Enthusiasm for the metal content of space debris is a little misplaced but it is nice to get these estimates to play with. As posted here before, these are hardly a source of wealth.
In fact, it all needs the massive contribution of water inside a gravity well in order to generate the heat and chemistry needed to concentrate metals in economically usable amounts.
It is obvious that the Earth is likely a very good sample of what is actually up there. Unfortunately the process of geology has obscured the actual metal content for elements like uranium and thorium. Most is surely in the core and we have no way of believably determining how much as yet.
The claim is also made that the content of the Oort cloud is fairly small. I see no reason whatsoever to make that assumption. In fact I am quite happy to make the opposite conjecture that the mass of the Oort cloud approaches that of the inner solar system. The evidence supports neither, and until we get out there and get a real look at the content we simply do not know. We do know that a huge dust halo was the original starting point and that it led to the creation of Jupiter which collected the material of the inner solar system. This machine led to the pumping out of the smaller planets while this scouring took place.
The real surprise to me is that the Oort cloud may be largely formed from pure carbon. Or perhaps more plausibly, the electric aspects of carbon allow it to be more actively collected and disturbed into a near solar orbit. We are finding our share of Pluto like bodies out there and they are not coming for a trip through the solar system. In fact, if the observed part of the Oort cloud happens to be only the carbon and the same proportions of other elements are similar to earth then the conjecture that I just made over relative masses is just about right.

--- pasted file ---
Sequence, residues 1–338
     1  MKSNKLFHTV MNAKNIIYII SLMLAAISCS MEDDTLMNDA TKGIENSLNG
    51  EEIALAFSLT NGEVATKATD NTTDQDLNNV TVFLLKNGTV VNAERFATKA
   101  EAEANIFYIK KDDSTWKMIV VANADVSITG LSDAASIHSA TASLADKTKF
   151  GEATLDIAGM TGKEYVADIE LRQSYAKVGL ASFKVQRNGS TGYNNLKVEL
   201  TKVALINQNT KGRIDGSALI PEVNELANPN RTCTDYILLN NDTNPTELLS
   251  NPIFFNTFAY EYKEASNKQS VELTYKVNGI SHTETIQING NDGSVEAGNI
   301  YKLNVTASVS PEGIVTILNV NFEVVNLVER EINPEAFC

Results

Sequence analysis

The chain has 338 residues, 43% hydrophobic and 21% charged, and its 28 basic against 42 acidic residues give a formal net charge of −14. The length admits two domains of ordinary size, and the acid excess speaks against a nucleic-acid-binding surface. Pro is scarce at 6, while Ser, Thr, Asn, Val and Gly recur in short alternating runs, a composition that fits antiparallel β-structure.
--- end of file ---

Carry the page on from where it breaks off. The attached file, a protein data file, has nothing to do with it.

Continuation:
In the event, the spatial volume of the outer solar system is many times greater than the volume of the inner system so there is ample space to stuff things and not have them attracting each other very well. All I am saying is that if we took the known planets and ground them into dust and placed them in the Oort cloud we would likely be unable to tell the difference.
August 08, 2009
We don't know the composition of the asteroids or the objects in the Oort comet cloud or the Kuiper belt in great detail. One theory of solar system formation is that there are more metals in the inner solar system. That would mean most of the uranium is Mars, Mercury, Earth Venus and asteroid belt. There is an estimated 40 trillion tons of Uranium and 120 trillion tons of thorium in the Earth's crust. Most of that Uranium is concentrated in the continental crust. The mantel has lower concentration of uranium, but there is a lot more mantel and mantel recycles out to crust.
The solar heavy-element abundances described above are typically measured both using spectroscopy of the Sun's photosphere and by measuring abundances in meteorites that have never been heated to melting temperatures. These meteorites are thought to retain the composition of the protostellar Sun and thus not affected by settling of heavy elements. The two methods generally agree well.